Oops. You say "Lutheran Churches." There is more than one of them.
Most Lutheran churches are ELCA, Evangelical Lutheran Church in America, but there are others, perhaps the most noted being the Missouri Synod Lutheran Church.
ELCA has just signed an agreement that makes it essentially united with the Episcopal Church. As you would expect, this branch is a reasonably liberal denomination (not much literalism, although you will find it in all denominations to some extent). It is liturgical -- that is, it has a written-down ritual for how exactly to conduct the different services.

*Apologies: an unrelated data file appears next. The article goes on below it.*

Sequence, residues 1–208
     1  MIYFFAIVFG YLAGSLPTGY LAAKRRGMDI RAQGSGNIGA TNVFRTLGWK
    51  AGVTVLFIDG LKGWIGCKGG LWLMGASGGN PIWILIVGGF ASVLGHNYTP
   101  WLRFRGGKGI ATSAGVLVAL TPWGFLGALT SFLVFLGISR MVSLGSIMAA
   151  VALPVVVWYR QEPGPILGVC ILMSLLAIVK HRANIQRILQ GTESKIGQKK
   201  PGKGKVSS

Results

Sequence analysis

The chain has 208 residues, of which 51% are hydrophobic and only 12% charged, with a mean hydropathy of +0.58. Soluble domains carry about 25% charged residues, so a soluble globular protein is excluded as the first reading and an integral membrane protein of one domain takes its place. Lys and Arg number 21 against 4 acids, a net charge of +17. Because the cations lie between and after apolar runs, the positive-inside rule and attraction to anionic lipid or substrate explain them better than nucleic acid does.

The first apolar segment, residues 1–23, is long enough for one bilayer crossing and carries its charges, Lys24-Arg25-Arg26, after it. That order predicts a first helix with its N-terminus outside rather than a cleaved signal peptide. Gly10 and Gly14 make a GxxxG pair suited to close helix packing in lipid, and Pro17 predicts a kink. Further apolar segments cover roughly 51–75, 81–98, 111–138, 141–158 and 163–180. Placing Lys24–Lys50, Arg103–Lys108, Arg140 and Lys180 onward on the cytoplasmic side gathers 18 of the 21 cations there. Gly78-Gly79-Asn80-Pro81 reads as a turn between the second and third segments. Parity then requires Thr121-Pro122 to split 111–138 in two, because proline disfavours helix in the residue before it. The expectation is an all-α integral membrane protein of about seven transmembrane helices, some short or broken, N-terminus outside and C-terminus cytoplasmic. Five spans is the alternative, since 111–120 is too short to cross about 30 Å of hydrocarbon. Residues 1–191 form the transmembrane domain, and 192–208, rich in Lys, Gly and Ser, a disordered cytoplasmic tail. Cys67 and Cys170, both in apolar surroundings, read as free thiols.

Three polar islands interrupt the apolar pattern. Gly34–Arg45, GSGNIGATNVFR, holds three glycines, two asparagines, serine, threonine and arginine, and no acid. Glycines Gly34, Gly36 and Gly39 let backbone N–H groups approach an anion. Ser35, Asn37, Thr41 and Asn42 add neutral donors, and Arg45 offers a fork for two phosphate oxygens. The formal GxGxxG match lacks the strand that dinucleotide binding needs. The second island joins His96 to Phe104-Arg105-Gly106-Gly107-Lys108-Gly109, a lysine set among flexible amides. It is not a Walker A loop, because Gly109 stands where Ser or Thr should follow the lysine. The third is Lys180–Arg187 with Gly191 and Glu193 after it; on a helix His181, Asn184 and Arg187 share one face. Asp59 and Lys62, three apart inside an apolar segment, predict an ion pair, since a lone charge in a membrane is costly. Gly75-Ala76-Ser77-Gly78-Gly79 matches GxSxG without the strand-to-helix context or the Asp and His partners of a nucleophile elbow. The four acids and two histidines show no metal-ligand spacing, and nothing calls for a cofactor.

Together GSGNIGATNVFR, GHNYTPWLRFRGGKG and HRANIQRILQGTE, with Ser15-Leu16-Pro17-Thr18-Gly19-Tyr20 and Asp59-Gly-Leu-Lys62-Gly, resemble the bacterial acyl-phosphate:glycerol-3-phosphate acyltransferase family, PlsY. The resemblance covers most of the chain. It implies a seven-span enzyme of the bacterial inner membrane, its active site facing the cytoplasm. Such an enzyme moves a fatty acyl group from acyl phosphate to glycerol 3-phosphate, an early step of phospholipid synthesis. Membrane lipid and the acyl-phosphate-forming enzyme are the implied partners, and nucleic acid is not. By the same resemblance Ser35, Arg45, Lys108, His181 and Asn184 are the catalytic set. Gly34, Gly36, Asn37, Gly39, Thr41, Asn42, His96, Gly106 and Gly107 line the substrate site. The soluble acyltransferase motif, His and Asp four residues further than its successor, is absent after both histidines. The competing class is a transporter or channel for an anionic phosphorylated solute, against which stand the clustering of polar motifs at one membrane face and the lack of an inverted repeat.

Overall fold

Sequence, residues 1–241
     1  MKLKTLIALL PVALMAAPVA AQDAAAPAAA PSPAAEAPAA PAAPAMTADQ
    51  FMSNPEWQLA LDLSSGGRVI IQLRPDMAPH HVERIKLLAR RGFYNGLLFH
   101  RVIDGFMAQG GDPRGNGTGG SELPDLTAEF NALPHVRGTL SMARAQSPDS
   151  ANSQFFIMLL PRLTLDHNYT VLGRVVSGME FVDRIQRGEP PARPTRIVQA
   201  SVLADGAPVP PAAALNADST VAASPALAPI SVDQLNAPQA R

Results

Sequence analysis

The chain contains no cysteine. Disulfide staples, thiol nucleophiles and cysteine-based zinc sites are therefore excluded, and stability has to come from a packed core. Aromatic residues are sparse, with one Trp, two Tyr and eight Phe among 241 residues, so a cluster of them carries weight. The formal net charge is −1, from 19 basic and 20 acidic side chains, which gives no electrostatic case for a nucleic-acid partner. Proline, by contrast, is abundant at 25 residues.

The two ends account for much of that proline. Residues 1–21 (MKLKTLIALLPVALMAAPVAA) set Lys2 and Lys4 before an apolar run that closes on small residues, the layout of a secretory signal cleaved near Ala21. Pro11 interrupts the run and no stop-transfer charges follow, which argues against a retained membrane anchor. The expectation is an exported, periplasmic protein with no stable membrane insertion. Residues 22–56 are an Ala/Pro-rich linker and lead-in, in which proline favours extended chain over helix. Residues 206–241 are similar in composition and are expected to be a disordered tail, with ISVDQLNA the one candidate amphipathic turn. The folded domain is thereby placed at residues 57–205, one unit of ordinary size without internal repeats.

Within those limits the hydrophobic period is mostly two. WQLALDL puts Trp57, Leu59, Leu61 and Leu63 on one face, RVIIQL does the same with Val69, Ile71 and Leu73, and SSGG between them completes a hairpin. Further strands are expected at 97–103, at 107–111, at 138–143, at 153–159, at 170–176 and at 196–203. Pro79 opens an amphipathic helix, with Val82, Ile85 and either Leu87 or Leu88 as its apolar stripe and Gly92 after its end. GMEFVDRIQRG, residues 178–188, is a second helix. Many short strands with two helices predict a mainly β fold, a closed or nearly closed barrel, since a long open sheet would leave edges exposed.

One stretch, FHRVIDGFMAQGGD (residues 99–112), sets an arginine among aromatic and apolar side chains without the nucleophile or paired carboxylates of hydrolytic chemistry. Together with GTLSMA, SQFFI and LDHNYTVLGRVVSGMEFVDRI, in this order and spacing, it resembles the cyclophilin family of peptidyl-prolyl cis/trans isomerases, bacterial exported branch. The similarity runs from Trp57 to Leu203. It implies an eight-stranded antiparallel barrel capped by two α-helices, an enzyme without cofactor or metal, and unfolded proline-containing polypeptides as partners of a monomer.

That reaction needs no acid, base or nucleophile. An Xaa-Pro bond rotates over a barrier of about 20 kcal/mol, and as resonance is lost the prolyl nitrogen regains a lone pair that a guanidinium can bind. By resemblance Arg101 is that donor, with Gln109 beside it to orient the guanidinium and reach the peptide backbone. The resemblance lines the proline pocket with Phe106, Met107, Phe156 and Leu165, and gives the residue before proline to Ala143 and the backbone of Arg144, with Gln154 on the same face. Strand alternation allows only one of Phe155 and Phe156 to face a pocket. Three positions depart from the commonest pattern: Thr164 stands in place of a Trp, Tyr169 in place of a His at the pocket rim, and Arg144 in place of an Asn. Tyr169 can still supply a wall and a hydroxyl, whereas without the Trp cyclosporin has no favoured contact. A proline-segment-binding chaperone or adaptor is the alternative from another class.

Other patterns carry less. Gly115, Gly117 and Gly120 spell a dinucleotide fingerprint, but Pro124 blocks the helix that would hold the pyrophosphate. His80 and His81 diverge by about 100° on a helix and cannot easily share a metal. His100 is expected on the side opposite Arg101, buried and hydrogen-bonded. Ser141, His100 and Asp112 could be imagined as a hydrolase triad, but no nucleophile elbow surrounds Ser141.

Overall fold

Missouri Synod folks tend to be much more conservative and there you will find a lot more literalism in interpreting the Bible.
This makes the Missouri folks much closer to the Pentecostals (capitalize, please).
The Pentecostal denominations (there are many variations) tend to emphasize the gifts received by the Church on Pentecost, which would be glossolalia (speaking in tongues), direct revelation to the faithful, being slain in the spirit and other experiences that give the worshipers a very clear, personal demonstration that God is with them in their worship.
I do not think that Pentecostal denominations have any written liturgy at all. They would frown on such things: they prefer to leave themselves entirely open to direction inspiration by the Holy Spirit.